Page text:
First with Kids: Listening for Heart Murmurs

heart murmurs

Parents have been sounding off to me with lots of questions about heart murmurs in their children. Let me get to the heart of the matter to provide some information on this topic.

What is a heart murmur, exactly?

A heart murmur is simply a noise heard between the beats of the heart due to the flow of blood through the heart. In fact, it sounds like water flowing through a hose.  While the term heart murmur may sound scary, for most children it’s extremely common and doesn’t mean anything is wrong. Usually, it means that blood is whooshing through the pipes and sounds louder.

Should I worry about the murmur?

We worry most about infants at birth and in the first few months of life. This is because the murmur might be a signal that there is a congenital abnormality involving the heart. There may be an abnormal connection between chambers, problems with valves controlling blood flow in the heart, or the major blood vessels coming from the heart.

If a baby appears blue in the face and has a murmur, which occurs rarely, your doctor will do other tests such as a chest x-ray and an electrocardiogram. These are used to diagnose whether or not a heart problem exists. If the murmur does exists, you doctor will refer your child to a pediatric heart specialist. That specialist will do an echocardiogram or ultrasound of the heart to determine the diagnosis and further treatment.

When a child reaches preschool age and is noted to have a murmur, this is usually less cause for concern.  By examining your child and listening to the sound, your child’s health care professional should be able to determine if further testing is needed, but most of the time it is not.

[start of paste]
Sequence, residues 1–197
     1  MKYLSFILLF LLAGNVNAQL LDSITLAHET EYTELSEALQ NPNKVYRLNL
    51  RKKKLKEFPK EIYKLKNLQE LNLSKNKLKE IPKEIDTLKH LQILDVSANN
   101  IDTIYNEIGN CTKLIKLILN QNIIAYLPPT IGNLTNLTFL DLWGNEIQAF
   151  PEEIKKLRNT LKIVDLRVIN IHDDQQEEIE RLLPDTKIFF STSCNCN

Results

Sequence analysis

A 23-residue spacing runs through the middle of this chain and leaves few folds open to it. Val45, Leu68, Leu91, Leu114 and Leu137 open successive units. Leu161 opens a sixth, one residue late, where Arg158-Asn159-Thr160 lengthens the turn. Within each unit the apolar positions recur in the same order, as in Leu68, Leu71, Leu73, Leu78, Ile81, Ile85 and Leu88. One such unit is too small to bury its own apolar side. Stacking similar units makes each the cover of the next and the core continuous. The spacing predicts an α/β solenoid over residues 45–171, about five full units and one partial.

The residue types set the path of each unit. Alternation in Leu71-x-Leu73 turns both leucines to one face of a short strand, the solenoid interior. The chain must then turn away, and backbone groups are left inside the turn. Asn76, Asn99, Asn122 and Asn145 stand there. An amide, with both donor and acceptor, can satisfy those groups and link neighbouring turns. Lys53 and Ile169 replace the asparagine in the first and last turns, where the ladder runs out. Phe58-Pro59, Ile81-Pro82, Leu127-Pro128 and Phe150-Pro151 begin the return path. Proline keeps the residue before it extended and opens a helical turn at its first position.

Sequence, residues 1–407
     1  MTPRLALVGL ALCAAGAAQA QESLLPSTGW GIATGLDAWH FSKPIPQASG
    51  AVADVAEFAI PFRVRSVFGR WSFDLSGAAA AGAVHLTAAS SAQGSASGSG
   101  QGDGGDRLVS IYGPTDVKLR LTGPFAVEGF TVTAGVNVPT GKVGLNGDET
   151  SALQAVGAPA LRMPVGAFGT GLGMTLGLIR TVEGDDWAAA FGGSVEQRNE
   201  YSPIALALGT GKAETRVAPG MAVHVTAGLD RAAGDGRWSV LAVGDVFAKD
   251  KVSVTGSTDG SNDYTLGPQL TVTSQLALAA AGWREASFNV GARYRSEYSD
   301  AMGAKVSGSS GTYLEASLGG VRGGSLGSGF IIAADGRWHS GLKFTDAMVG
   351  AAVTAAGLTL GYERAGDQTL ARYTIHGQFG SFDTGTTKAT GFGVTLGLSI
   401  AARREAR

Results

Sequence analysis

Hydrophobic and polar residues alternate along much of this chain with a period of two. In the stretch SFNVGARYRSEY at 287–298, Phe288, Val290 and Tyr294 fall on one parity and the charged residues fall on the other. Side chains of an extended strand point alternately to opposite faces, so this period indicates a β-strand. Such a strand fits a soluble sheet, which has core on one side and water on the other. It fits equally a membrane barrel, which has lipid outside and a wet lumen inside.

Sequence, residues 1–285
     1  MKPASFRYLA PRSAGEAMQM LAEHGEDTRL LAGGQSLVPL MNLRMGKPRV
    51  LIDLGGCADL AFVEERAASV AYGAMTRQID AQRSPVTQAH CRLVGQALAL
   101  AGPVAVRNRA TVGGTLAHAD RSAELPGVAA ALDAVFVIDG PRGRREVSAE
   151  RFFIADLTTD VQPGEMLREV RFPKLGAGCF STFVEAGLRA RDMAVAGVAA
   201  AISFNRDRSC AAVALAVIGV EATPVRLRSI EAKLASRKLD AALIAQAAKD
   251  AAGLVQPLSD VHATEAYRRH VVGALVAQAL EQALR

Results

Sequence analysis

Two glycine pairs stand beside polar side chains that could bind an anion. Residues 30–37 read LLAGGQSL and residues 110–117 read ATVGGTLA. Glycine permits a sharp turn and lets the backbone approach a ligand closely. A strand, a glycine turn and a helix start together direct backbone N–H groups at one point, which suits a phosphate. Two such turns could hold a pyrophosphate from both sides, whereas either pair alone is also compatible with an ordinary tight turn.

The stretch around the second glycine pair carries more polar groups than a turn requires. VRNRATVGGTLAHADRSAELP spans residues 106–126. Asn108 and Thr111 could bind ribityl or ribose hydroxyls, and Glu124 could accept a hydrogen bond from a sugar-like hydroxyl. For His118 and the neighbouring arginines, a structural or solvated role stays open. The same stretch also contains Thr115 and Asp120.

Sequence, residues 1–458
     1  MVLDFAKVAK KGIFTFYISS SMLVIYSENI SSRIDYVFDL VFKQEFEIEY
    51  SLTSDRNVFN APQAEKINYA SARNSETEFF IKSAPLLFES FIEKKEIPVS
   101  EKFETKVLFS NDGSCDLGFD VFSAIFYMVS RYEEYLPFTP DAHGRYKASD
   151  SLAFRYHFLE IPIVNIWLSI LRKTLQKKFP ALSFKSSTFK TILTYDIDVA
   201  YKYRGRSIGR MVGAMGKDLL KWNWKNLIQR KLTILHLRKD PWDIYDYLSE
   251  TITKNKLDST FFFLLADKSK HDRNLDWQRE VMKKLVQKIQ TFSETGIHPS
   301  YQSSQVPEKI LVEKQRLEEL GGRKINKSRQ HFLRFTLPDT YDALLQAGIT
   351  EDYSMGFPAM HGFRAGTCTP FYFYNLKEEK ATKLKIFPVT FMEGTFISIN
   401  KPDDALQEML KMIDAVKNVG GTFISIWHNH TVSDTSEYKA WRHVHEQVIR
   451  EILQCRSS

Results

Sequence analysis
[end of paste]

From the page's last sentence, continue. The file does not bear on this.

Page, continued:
Is treatment necessary?

If the murmur is just due to blood flowing noisily through the heart, treatment is not needed. We call this an “innocent murmur” due to noisy blood flow.

However, a follow-up visit or two may be requested to make sure the sound is not changing or has gone away. If the flow is stronger because your child is anemic and needs to make more red blood cells, iron therapy might be required. If no therapy is indicated, restricting your child from sports or other physical activities is not necessary.

When do we otherwise worry about a murmur in an older child? We do this only if it is accompanied by rapid breathing, chest pain, or an older child being very tired or passing out. These are very rare occurrences.

Hopefully tips like these will mean you won’t miss a beat when it comes to knowing more about heart murmurs.

Lewis First, MD, is chief of Pediatrics at The University of Vermont Children’s Hospital and chair of the Department of Pediatrics at the University of Vermont College of Medicine. 

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